Miss Saigon still sensational after 28 years
A few weeks ago, Mayflower Theatre's Press and Marketing Manager went to visit Miss Saigon in Birmingham:
I visited the new UK Tour of Miss Saigon which was in its final week at Birmingham Hippodrome. This revitalised show is Cameron Mackintosh’s acclaimed new production of Boublil and Schönberg’s legendary musical which ran in the West End recently, was updated for Broadway and then began its UK Tour in June.
As I pop backstage to catch up with Miss Saigon’s Company Manager Neil White, most of the cast are on their way out of the building smiling chatting and on the lookout for food, they had just performed an understudy run of the show, a great chance to rehearse in all of the lead cast understudies, take notes and for some of the lead cast to actually watch the performance from out front.
Neil, who has visited Mayflower Theatre for many years being company manager for Mary Poppins, Shrek, Oliver! and Starlight Express to name but a few is beaming as he talks about this gargantuan show. “It takes 16 articulated lorries to move the show from venue to venue, it was our first move from Leicester to Birmingham in July which was challenging. Alter the show has moved, it takes the crew four 24 hour days working shifts to put the production together ready for opening night. We have a massive company of 92 of which an acting company of 38 with 10 different nationalities in the cast”.
He added, “This production is not really a touring show – it ‘sits down’ in each venue as per any long running show in the West End. There is an immersive feel to the set as it protrudes through the proscenium arch into the auditorium to help bring the audience into 1970s Vietnam. There is also a massive amount of authenticity in the show, during rehearsals the company researched documentaries about the conflict including Hearts and Minds which is from the Vietnamese point of view. Our flak jackets and helmets have been worn in action and many were imported from Vietnam and Thailand. The big set piece in the show is the Huey helicopter which appears in a flashback sequence in Act 2. This helicopter is 3.5 tonnes and is only slightly smaller than the real thing”. Neil should know as he took two of the cast to a photocall at a local airport with a real Huey they week beforehand. “It was amazing seeing the real helicopter, which had actually served in Vietnam. The sound of the helicopter as it took off and flew overhead was immense – just as good as the sound you hear in the show itself”.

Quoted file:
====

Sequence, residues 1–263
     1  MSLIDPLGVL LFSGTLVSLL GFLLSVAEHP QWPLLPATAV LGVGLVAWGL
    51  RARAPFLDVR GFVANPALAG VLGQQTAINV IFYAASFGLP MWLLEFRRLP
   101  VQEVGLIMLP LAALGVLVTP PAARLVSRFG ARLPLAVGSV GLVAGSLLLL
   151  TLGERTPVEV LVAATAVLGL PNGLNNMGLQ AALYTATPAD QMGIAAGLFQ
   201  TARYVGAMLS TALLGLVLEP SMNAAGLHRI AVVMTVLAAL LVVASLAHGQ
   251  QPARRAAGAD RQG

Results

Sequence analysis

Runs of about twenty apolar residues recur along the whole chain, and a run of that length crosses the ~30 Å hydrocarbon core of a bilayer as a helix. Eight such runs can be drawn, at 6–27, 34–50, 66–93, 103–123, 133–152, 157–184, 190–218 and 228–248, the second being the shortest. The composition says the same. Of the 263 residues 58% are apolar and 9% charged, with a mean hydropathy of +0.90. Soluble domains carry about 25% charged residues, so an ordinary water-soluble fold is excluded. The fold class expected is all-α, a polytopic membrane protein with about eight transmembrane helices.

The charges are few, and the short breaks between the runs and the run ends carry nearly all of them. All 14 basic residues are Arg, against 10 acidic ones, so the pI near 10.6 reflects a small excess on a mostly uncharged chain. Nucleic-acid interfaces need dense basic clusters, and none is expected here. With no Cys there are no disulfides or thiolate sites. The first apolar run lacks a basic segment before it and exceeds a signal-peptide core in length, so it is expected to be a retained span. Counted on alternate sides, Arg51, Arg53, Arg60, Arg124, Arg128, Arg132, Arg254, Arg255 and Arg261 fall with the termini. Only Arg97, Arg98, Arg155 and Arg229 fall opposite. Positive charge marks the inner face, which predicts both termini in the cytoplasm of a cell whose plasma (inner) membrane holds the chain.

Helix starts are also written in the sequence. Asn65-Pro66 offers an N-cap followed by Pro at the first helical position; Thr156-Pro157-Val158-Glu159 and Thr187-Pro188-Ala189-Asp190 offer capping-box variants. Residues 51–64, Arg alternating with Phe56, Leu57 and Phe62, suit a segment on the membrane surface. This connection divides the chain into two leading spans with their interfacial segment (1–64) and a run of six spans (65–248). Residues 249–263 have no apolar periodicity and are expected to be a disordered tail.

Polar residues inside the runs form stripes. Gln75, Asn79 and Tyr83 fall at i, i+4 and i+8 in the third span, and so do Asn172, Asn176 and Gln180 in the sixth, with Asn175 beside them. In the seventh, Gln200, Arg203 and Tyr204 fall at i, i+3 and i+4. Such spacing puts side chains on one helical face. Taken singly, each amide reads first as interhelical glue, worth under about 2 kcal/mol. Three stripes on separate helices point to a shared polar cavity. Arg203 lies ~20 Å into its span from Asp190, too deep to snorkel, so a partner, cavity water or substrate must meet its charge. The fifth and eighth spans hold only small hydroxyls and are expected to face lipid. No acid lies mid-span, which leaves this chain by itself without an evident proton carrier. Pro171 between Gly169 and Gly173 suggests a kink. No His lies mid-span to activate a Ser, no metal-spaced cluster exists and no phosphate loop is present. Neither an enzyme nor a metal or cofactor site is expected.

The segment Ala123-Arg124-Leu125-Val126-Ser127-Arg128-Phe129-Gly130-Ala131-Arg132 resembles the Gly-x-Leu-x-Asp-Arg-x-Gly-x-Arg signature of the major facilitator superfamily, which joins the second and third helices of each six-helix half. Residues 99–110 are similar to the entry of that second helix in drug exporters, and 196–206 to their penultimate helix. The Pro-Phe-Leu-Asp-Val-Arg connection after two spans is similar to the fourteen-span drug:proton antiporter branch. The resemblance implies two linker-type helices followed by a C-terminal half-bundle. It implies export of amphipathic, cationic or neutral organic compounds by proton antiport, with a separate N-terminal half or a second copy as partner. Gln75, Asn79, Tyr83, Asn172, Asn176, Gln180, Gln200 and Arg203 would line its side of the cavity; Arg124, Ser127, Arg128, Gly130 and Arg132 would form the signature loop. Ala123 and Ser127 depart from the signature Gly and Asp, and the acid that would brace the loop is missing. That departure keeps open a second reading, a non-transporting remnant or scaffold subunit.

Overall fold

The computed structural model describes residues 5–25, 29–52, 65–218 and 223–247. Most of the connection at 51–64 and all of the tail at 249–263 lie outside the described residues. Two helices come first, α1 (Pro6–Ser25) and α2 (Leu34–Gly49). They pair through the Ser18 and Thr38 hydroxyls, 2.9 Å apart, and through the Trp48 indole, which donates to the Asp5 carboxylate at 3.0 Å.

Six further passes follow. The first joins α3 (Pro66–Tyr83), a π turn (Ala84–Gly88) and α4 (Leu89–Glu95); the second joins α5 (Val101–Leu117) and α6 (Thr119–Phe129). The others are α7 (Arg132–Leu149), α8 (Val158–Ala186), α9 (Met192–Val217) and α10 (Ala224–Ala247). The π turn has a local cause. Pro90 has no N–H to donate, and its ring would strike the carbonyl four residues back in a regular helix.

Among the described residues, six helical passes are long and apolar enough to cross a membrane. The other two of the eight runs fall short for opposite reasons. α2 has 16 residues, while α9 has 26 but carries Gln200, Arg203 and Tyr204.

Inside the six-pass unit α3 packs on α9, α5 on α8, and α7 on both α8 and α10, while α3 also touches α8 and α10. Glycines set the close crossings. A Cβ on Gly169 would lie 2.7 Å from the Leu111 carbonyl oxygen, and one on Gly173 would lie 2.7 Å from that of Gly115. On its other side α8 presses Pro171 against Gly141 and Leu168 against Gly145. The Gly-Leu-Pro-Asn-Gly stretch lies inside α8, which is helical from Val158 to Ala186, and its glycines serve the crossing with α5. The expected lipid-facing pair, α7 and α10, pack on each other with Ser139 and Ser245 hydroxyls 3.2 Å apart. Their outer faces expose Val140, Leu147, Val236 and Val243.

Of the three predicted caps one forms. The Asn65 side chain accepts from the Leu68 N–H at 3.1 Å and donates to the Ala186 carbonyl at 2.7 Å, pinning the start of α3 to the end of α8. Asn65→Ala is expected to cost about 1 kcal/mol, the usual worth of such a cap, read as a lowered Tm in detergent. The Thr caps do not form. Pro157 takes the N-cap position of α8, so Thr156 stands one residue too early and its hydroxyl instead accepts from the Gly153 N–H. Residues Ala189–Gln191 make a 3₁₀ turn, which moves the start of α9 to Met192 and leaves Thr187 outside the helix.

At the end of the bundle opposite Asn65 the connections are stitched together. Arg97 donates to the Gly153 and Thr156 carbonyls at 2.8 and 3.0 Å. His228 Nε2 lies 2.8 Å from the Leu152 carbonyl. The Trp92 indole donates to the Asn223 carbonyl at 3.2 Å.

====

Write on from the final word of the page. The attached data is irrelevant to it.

For those new to Miss Saigon, the story is set in the last days of the Vietnam War where 17 year-old Kim is forced to work in a Saigon bar run by a notorious character known as the Engineer. There she meets and falls in love with an American GI named Chris but they are torn apart by the fall of Saigon. For 3 years Kim goes on an epic journey of survival to find her way back to Chris, who has no idea he's fathered a son.
Having not seen the show since the original production over 20 years ago, I forgot how many brilliant tunes were packed into the first half hour of the show, The Heat is On in Saigon, The Movie in My Mind, Why, God, Why?, Sun and Moon and Last Night of the World. This new staging is sensational and it looks every bit the Cameron Mackintosh production – brilliant sets atmospheric lighting and a company who are thoroughly enjoying themselves deliver night after night. Red Concepcion who plays The Engineer is so loveable, you can’t help backing him even when his character is truly nasty in the show. I saw Joreen Bautista playing Kim who is making her professional debut in the show at just seventeen – and wow what a performance in someone so young. The performances by the whole company drive an emotionally charged story that by the end left me slightly moist of the eyes.
I also caught up with Ashley Gilmour who plays Chris. Look out for our interview with Ashley soon.